Probing Sub-domains of Kinesin

Recent reports have highlighted a new phase of research for molecular motors. In contrast to five or more years ago, when macromolecular approaches were used1, recent research has focused on resolving how kinesin is regulated by intramolecular dynamics. There are two main technical approaches that have allowed measurement of these dynamic mechanisms; these are 1. total internal reflection fluorescence (TIRF) microscopy to observe single kinesin motors and 2. sub-domain swapping from one motor to another. 


Interestingly, kinesin motor proteins are relatively flexible in accepting substitutions of small amino acid stretches from one partner to another. Kinesins are comprised of two general domains: 1. the catalytic core and 2. the non-catalytic regions which include, the neck linker (NL), coiled-coil (CC) and cargo binding sub-domains. The NL sub-domain is 14-22 amino acids in length (see Figure 1) and Hoeprich et al.2 reported this sub-domain can be swapped from kinesin 1 (K-1) to kinesin 2 (K-2) with measurable function differences being transferred to the new partner.  Hoeprich et al.2 used single kinesin tracking to show that the length of the NL sub-domain regulates the ability to move across the microtubule (MT) landscape when MAPs (e.g., tau) are coating its surface. K-2 hardly misses a step when transversing these obstacles, whereas K-1 stutters and progresses more slowly compared to an uncoated MT. In a parameter called processivity or run length, which is a measure of the distance that a motor travels before dissociating from the MT, K-2 travels on average the same distance whether the MT is coated or uncoated with different Tau isoforms (3RS or 4RL), whereas K-1 travels shorter distances on Tau-coated MTs before dissociating. When the NL is genetically swapped between these motors, the characteristic processivity is also swapped.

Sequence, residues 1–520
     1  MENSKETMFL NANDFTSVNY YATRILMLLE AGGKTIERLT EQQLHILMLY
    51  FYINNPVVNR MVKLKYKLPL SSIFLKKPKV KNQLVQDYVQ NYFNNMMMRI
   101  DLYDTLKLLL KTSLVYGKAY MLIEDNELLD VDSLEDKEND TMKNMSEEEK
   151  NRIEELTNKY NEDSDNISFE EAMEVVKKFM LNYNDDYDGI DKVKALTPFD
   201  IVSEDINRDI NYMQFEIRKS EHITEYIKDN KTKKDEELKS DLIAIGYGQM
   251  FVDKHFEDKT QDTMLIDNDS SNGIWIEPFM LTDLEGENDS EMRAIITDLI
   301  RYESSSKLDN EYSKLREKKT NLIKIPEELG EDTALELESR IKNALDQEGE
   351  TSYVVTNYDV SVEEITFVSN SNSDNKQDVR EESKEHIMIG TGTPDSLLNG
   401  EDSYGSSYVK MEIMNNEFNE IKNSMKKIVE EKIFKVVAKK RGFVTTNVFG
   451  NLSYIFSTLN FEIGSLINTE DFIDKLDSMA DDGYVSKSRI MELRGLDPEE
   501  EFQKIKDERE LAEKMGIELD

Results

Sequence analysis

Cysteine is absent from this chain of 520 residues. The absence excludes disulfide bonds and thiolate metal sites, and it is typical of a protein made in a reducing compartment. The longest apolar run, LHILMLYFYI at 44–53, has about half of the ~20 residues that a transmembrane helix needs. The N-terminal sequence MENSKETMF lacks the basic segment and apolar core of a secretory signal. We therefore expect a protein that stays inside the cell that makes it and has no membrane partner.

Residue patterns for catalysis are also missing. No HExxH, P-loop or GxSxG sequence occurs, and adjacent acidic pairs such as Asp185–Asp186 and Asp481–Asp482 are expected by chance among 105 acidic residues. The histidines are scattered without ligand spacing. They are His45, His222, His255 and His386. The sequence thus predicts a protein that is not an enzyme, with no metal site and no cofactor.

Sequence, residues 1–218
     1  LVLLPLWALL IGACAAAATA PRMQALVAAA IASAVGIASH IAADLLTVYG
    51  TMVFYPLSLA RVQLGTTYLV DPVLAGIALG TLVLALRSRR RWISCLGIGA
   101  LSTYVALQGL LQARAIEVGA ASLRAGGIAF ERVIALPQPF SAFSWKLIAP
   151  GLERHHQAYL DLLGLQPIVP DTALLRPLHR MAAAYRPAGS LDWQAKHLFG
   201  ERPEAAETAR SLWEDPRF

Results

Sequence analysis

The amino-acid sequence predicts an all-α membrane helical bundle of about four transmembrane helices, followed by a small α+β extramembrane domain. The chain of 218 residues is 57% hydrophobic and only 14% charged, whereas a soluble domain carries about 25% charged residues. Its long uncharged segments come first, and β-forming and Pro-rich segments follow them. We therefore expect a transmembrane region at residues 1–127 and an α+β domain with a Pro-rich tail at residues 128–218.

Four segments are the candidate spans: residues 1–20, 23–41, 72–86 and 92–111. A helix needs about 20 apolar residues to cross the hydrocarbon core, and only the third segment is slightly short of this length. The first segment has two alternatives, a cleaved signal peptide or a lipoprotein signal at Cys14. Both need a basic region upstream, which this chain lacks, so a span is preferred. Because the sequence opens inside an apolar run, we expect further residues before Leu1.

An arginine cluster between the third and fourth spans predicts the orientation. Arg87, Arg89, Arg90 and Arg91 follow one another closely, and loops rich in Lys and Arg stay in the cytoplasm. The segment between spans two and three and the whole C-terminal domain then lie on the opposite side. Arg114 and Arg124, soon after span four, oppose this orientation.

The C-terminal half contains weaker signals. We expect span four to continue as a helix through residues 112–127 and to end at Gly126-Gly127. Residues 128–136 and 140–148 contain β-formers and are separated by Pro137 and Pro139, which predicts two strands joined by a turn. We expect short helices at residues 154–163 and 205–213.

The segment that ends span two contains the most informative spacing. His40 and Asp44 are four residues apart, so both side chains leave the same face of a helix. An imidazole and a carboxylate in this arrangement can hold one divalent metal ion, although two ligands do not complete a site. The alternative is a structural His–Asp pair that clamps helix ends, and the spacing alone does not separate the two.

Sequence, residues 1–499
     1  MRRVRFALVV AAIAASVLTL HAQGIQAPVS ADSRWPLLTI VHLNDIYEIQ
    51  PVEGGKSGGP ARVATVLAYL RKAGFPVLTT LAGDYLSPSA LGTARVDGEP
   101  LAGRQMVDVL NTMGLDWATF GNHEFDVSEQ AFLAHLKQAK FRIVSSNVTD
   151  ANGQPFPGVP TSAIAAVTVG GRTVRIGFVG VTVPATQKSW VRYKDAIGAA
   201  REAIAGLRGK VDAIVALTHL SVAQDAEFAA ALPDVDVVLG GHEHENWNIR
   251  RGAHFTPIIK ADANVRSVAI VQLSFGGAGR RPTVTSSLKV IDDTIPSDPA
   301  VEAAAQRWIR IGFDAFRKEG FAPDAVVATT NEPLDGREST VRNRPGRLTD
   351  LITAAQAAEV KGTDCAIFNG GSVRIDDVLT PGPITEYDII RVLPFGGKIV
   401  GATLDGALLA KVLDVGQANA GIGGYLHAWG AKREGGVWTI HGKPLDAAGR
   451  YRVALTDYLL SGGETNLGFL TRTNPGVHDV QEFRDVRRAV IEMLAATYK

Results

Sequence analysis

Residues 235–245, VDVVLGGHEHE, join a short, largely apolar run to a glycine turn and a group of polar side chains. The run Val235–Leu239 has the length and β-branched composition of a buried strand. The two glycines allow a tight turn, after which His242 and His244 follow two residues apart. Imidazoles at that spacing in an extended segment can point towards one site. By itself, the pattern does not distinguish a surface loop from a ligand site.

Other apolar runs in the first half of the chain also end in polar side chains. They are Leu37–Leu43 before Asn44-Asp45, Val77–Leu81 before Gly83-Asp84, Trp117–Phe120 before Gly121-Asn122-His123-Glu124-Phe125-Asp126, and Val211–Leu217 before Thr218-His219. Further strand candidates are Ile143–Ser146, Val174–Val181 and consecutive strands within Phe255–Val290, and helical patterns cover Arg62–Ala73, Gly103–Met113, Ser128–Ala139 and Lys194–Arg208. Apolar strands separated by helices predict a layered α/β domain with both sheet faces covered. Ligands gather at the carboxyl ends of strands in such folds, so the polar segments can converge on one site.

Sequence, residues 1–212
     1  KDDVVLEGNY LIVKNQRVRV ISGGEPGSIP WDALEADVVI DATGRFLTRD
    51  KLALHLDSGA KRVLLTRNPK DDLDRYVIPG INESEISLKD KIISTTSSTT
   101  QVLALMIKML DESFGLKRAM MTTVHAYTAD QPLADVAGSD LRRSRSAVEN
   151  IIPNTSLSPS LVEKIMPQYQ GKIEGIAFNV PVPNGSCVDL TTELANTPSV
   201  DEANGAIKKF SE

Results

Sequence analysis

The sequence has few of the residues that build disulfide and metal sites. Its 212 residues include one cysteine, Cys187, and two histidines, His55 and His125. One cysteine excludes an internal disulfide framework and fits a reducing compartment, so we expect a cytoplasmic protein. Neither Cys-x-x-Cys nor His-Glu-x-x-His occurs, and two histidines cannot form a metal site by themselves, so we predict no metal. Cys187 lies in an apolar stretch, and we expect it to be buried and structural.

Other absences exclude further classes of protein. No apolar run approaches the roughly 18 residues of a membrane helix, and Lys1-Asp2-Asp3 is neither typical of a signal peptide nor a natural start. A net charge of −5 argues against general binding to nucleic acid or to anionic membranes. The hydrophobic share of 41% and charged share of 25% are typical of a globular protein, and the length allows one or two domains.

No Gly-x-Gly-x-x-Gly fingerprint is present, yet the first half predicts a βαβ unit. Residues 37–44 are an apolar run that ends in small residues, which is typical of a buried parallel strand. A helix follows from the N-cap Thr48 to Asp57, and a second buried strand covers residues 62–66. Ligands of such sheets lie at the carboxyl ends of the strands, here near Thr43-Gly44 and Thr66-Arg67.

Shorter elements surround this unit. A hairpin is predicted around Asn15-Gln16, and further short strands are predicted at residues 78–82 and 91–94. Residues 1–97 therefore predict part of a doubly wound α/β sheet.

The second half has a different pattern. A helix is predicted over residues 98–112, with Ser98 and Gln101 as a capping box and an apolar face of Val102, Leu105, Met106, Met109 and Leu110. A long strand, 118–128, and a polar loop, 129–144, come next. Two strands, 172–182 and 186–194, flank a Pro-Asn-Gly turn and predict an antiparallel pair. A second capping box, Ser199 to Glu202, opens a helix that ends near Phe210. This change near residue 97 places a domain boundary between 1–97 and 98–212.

Figure 1:   Schematic diagram of kinesin indicating the position of Loop 5, neck, and cover neck relative to the motor domain, coiled-coil, and cargo. Note they are in close proximity to each other and hence interact during the mechanochemical transduction of energy to movement and direction.


Similar analyses by Düselder et al.3 highlighted the importance of the NL length in determining processivity of K-5 (also named Eg5 or KIF11). Their results indicate that with a longer NL, e.g., 13-22 amino-acids, processivity is not altered, whereas 11 amino acids and shorter stretches cause decreased processivity. In contrast, velocity and force generation are much less affected by change in length of the NL. However, Shastry and Hancock find dissimilar results with an optimal NL length of 14 amino acids for processivity4,5. The discordant results might be due to different buffers being used, which is noted by Shastry and Hancock as an important determinant of affinity and run length. Interestingly, NL regions have highly specific sequences and lengths for each motor, indicating that this area is optimized for the particular motor’s function. In Table 1, we see that NLs vary from 14 to 22 amino acids and may contain prolines. Prolines are predicted to form a kink in the structure which may cause auto-inhibition of motor activity by bending the coiled-coil back on to the motor domain, or create a different direction of travel for the motor, i.e., enable protofilament hopping or circumferential travel.